So Hastert has pleaded guilty to one of the two counts in front of him.
I'm not at all an expert in the federal criminal laws designed to protect the banking system but I'll say this, I find certain aspects of this case odd.
They won't be clarified by the sort of investigation now under way by various media outlets, because what those outlets seem to be interested in is: what did Hastert do that made him the extortion target? They want to uncover precisely the res that Hastert has worked so hard to hide all these years, and ideally give a name and face to the blackmailer and victim (everyone is assuming arguendo that they are the same person, or at least that they are kin). That's just gossip at this point.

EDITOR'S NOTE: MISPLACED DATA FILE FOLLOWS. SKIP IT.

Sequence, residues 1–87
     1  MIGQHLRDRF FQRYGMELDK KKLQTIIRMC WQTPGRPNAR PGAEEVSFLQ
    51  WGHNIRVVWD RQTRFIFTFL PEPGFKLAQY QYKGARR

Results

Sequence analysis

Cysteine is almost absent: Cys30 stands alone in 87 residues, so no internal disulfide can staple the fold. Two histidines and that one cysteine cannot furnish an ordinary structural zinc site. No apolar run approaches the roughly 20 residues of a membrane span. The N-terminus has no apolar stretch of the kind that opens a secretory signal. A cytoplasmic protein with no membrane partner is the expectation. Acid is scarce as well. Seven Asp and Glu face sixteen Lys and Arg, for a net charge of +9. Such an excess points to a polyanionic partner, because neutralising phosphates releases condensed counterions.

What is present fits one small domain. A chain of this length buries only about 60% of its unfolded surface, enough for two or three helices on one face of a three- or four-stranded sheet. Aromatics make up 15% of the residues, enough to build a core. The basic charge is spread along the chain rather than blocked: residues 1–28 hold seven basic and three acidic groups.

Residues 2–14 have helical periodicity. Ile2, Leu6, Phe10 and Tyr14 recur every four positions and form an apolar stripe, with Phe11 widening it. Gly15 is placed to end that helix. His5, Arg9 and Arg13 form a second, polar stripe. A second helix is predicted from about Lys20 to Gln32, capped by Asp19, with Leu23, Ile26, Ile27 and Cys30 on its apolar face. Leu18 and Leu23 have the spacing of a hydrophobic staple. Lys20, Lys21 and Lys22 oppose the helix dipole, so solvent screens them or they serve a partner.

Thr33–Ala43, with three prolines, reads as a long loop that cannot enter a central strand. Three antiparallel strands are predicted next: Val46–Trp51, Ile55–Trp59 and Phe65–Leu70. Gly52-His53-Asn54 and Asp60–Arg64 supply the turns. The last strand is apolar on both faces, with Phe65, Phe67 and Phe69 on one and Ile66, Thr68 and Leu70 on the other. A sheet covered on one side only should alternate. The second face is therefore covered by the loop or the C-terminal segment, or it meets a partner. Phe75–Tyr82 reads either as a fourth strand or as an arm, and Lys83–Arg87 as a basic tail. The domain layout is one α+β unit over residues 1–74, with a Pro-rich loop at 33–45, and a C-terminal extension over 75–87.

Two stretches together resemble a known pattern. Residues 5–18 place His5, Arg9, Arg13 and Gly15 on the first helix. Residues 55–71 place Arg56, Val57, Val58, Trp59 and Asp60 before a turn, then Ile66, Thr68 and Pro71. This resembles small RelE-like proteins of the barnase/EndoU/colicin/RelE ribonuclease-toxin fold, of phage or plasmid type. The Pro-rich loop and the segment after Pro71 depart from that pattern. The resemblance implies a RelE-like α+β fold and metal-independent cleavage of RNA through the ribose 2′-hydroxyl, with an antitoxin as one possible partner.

Hastert has pleaded guilty to structuring his withdrawals in such a way as to avoid reporting requirements. But isn't it generally lawful to act in such a way as to avoid breaking the law? This seems an odd sort of offense. I am reminded somewhat of Robin Williams, in character as the genie in Aladdin, cautioning the aponymous hero of that story, "ixnay on wishing for more wishes."
If Big Brother says, "your withdrawals are an issue for the public if you do X," then doing anything short of X would seem to leave your withdrawals a non-public matter. Or the creation of the rules with X in them would seem hypocritical.
It is just a happy irony that Hastert is in the news again at a moment when the House is selecting itself a new Speaker, who is vowing to obey something known as the Hastert Rule. Which has no direct connection to banking or extortion.